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Direct antiviral therapy for HCV
Currently approved treatments for chronic HCV infection are designed to boost the host's immune response to help eradicate the virus. In contrast, Boceprevir is designed to directly attack the virus by inhibiting protease enzymes that are critical to HCV replication.
Boceprevir added to peginterferon/ribavirin increased SVR rates in chronic HCV patients
HCV Transplant Studies GS-7977 Also Telaprevir & Boceprevir
AASLD-Phase III Analyses on Anemia Management With Victrelis (Boceprevir) Combination Therapy, Including Cirrhotic Patients
FDA Hepatitis Update - Victrelis (boceprevir) labeling update
Boceprevir and personalized medicine in hepatitis C virus infection
Telaprevir, boceprevir offer similar efficacy for most patients with HCV 1
Drug-Drug Interactions Added to Boceprevir Label
Video - Victrelis(boceprevir) - Factors That Predict Response of Patients With Hepatitis C
New developments in the management of hepatitis C virus infection: focus on boceprevir
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FDA Hepatitis Update - Victrelis (boceprevir) label updated for drug-drug interactions
Drug-Drug Interactions Added to Hepatitis C Drug Label
Wednesday, August 15, 2012 22:13 |
New information about interactions between boceprevir and
several other drugs has been added to the prescribing information for the
antiviral drug, the Food and Drug Administration announced Aug. 1.
Boceprevir (Victrelis), a protease inhibitor approved for
treating hepatitis C in 2011, interacts with cyclosporine, tacrolimus (Prograf),
escitalopram (Lexapro), atorvastatin (Lipitor), and pravastatin (Pravachol),
according to the FDA statement.
The new information states that, when administered with
boceprevir, exposure to atorvastatin increases. When the two drugs are used
together, the lowest effective dose of atorvastatin should be used, not to
exceed a daily dose of 40 mg, according to the FDA.
Dose adjustments of cyclosporine should be anticipated
when it is given with boceprevir, and should be guided by close monitoring of
cyclosporine blood concentrations, and frequent assessments of renal function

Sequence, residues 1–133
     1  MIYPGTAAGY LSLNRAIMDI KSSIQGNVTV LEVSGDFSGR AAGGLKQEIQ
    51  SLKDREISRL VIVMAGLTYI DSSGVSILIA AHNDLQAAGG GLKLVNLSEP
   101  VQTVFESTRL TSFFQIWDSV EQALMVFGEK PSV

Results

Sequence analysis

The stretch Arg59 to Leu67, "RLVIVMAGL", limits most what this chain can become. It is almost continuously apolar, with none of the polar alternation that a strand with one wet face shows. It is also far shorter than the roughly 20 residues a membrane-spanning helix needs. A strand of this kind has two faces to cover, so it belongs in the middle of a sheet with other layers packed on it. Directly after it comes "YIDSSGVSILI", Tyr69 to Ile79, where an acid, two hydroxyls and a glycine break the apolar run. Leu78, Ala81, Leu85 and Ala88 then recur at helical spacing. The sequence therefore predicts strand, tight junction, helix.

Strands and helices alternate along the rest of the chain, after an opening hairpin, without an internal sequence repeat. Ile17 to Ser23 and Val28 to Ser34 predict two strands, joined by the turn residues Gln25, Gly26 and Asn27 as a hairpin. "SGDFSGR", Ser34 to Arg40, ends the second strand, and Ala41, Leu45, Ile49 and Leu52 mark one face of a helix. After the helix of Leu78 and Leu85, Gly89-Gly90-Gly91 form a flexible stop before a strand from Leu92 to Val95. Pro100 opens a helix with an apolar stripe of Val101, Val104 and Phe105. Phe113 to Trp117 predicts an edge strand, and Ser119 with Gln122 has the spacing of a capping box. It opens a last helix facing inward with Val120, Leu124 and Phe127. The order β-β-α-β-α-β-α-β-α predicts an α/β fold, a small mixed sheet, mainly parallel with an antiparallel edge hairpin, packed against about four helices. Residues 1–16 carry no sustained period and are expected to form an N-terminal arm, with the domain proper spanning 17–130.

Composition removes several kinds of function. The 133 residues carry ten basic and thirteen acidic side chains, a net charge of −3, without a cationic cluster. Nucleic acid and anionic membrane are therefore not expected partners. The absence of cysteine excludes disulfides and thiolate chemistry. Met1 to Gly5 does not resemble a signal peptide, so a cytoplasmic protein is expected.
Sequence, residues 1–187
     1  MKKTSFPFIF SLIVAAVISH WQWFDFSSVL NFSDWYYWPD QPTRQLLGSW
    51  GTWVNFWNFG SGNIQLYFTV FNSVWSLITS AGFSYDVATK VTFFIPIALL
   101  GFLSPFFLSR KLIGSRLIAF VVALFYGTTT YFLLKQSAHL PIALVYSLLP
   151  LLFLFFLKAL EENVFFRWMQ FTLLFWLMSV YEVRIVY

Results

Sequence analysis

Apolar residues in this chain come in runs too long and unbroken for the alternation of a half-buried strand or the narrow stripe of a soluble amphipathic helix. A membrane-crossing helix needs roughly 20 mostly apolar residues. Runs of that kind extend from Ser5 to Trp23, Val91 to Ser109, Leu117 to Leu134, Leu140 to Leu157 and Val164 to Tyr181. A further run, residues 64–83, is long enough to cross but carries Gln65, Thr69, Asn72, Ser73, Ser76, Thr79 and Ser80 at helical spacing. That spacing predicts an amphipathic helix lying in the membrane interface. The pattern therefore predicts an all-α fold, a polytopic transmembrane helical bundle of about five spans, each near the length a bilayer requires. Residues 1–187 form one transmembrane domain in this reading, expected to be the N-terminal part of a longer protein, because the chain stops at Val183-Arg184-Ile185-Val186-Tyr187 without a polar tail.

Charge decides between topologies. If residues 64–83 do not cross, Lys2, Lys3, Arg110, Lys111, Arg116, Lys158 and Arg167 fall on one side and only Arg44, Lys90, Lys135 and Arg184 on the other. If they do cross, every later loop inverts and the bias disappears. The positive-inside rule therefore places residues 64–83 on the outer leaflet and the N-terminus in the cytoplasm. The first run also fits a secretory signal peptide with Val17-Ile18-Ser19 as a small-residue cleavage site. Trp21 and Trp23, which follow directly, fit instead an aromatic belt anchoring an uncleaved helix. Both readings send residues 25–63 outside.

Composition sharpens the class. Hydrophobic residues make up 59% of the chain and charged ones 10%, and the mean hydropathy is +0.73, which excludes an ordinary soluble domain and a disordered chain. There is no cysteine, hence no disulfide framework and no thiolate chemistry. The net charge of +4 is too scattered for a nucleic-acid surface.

and cyclosporine-related side effects.
When administered with boceprevir, exposure of
escitalopram was slightly decreased, the statement said. Although selective
serotonin reuptake inhibitors (SSRIs) such as escitalopram have a wide
therapeutic index, it may be necessary to adjust the dosage when it is
administered with boceprevir.
Coadministration of boceprevir with pravastatin increases
exposure to pravastatin, but pravastatin can be started at the recommended
dosage when coadministered with boceprevir. Close clinical monitoring is
warranted, the statement said.
Giving tacrolimus and boceprevir together requires
significant dose reduction and prolongation of the dosing interval for
tacrolimus, with close monitoring of tacrolimus blood concentrations and
frequent assessments of renal function and tacrolimus-related side effects, the
Boceprevir is manufactured in a capsule formulation by
Merck Sharp amp; Dohme Corp., a subsidiary of Merck amp; Co., and is taken by
mouth three times a day.
The drug-drug interaction data are from in vivo drug
interaction trials, which the company conducted as part of its postmarketing
At a meeting in April 2011, an FDA advisory panel
enthusiastically supported the approval of boceprevir for treating hepatitis C
infection because of the antiviral?s efficacy but emphasized that postmarketing
studies on interactions with other drugs, including antidepressants, were
Serious adverse events associated with boceprevir should
be reported to MedWatch or by phone at 800-332-1088.
Adding Boceprevir to Hepatitis C Therapy Deemed Practice-Changer
2012 May 22. doi: 10.1002/hep.25865. [Epub ahead of print]
Refinement of stopping rules during treatment of hepatitis C genotype 1 infection with boceprevir
Jacobson IM, Marcellin P, Zeuzem S, Sulkowski MS, Esteban R, Poordad F, Bruno S, Burroughs MH, Pedicone LD, Boparai N, Deng W, Dinubile MJ, Gottesdiener KM, Brass CA, Albrecht JK, Bronowicki JP.
Center for the Study of Hepatitis C, Weill Cornell Medical College, New York, NY.